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Researchers urge doctors to disclose sleep fatigue before surgery

By Tom Watkins, CNN
An editorial in the New England Journal of Medicine says sleep-deprived doctors should tell patients their sleep status.
An editorial in the New England Journal of Medicine says sleep-deprived doctors should tell patients their sleep status.
STORY HIGHLIGHTS
  • Sleep-deprived surgeons should reveal status prior to elective surgery, editorial says
  • One study likened the impairment caused by sleep deprivation to that of being drunk
  • Another study said even the most senior surgeons were affected
  • Surgeons group says doctors will find the suggestion "oppressive and insidious"
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(CNN) -- Medical institutions should put into place policies to minimize the likelihood of a sleep-deprived doctor performing elective surgery, researchers said Wednesday in an editorial.

Absent such policies, sleep-deprived doctors should -- at a minimum -- tell their patients about their sleep status prior to performing any elective surgery, and offer those patients the opportunity to postpone the procedure or select a different surgeon, said the editorial, published in the New England Journal of Medicine.

Examples of the dangerous effects of sleep deprivation are not tough to find.

"Once, when I was a med student, assisting in a complicated abdominal surgery case by holding a retractor, the student opposite me (that is, holding the other side of the patient open) fell asleep and slid down to the floor," said one doctor, who did not want to be identified because he did not want to embarrass his colleague. He noted that he and the other student had both been up all night the night before. "One of the nurses simply dragged the student out of the way and a resident who was scrubbed in took over holding the retractor. No harm to the patient at all, but it was odd."

But falling asleep in the surgical suite occurs far less often than do negative outcomes associated with sleep deprivation, said Dr. Charles A. Czeisler, chief of the Division of Sleep Medicine at the Brigham and Women's Hospital in Boston, Massachusetts, and professor of sleep medicine at Harvard Medical School.

"The level of impairment is profound well before you get to the point of being so exhausted that you fall asleep," he said.

Czeisler cited a study that compared performing surgery after a sleepless night to driving with a blood-alcohol of 0.1%, a level considered legally drunk in all 50 states and the District of Columbia.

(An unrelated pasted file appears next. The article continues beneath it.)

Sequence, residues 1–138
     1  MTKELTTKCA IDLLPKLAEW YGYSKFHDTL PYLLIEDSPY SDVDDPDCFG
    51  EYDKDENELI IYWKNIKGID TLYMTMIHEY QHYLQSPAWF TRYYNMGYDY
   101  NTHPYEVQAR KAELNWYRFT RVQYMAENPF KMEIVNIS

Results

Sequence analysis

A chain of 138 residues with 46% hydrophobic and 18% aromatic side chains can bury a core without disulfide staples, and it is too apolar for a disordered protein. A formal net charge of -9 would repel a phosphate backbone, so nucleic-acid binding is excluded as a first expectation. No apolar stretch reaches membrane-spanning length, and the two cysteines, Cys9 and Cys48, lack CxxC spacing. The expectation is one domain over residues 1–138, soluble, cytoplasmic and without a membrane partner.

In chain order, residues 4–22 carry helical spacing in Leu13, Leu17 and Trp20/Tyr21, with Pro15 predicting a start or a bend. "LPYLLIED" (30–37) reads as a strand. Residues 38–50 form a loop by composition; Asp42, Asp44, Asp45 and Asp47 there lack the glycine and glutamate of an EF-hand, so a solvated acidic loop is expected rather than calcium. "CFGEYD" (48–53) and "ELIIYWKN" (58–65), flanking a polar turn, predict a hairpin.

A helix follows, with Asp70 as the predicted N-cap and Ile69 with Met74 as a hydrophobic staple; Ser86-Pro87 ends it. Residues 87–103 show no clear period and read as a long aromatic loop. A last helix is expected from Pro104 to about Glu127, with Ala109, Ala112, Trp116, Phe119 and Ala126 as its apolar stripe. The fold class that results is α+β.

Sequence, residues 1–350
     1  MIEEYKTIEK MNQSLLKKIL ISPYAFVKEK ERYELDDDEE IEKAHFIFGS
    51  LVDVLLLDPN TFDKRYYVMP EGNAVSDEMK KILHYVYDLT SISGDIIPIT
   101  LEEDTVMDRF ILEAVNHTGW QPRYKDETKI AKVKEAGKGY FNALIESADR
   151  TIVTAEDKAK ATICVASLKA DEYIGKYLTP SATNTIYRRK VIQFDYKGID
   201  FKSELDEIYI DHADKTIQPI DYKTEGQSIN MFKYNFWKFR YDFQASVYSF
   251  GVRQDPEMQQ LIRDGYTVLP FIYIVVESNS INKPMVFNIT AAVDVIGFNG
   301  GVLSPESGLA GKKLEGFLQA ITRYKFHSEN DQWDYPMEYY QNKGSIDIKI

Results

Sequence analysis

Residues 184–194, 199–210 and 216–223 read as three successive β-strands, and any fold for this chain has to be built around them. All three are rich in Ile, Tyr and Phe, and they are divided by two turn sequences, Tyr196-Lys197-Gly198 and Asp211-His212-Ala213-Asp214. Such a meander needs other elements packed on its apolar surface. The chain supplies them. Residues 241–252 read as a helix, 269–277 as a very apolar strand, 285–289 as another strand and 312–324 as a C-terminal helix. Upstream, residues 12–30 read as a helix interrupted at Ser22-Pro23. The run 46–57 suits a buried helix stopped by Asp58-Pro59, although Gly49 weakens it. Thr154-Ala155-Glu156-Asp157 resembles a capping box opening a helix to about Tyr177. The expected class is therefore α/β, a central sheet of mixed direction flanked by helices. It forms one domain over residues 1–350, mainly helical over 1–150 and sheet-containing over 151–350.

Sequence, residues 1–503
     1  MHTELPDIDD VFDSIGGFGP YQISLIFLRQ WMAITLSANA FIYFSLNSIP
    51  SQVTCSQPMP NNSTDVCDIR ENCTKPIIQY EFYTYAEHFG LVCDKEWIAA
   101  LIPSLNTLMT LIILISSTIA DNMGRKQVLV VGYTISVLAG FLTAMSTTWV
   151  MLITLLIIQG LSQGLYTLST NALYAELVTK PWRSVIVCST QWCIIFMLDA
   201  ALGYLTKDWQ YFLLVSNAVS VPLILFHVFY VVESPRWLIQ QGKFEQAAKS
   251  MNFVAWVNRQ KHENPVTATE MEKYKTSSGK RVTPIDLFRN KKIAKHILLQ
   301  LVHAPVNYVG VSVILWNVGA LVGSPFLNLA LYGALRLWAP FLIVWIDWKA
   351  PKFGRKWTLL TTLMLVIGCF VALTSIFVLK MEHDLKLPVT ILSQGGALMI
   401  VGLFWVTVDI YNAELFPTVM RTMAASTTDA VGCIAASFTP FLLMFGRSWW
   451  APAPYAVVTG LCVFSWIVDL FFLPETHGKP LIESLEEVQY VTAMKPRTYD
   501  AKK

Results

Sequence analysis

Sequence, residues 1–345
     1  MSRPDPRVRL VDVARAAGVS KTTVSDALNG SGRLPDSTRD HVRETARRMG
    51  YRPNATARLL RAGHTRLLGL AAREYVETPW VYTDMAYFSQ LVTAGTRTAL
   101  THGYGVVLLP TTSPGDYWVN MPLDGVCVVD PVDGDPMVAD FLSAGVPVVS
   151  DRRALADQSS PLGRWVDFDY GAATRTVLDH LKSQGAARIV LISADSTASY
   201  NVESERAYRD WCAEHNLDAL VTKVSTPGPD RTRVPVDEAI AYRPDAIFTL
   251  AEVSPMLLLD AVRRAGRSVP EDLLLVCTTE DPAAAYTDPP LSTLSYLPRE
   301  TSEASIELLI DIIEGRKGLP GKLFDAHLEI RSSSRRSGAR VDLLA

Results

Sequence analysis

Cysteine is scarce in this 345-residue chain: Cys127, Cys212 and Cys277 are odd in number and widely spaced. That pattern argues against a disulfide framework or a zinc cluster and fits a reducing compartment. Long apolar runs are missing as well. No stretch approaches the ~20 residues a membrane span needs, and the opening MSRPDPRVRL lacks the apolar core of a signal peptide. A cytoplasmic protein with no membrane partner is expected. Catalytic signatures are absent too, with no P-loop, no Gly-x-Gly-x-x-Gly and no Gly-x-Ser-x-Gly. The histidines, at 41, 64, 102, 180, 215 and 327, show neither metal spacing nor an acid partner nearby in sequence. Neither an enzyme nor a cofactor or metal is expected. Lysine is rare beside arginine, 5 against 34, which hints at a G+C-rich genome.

Harvard Medical School: Healthy Sleep

The risk extends to the most senior physicians. A study published last year in the Journal of the American Medical Association showed that patients of sleep-deprived faculty surgeons faced an 83% increased risk of complications, the authors said, citing massive hemorrhage and organ injury as the most common examples. They defined a sleep-deprived doctor as one who had had less than a six-hour opportunity for sleep between procedures during a previous on-call night.

And general surgeons who performed elective surgery during the day after working the previous night had a 171% higher risk of serious complications, the same study found.

Czeisler pointed to a 2006 survey he co-wrote that questioned nearly 3,000 residents in their first postgraduate year of training. One in five admitted having made a fatigue-related mistake that injured a patient.

The risk of such mistakes was increased 700% in months that the interns were working shifts that lasted at least 24 hours, Czeisler said.

And one in 20 admitted having made a fatigue-related mistake that resulted in the death of a patient, he said. During months when residents worked a 24-hour shift more than once a week, that represented a 300% increase in risk of fatalities, he said.

Such findings should have surprised no one familiar with previous data on the subject. A 2001 study in BMJ, formerly known as the British Medical Journal, showed that sleep deprivation doubles error rates. And it found that one in four surgeons who had stayed up all night the previous night made four times as many mistakes.

Since then, the Accreditation Council for Graduate Medical Education has restricted first-year residents' work hours to no more than 16 hours of continuous work followed by at least eight hours off duty, but physicians in their second year of training and beyond face no such restrictions.

Few institutions have imposed restrictions on doctors on call to ensure they don't wind up being scheduled for surgery the next morning, said Dr. Michael Nurok, lead author of the NEJM study.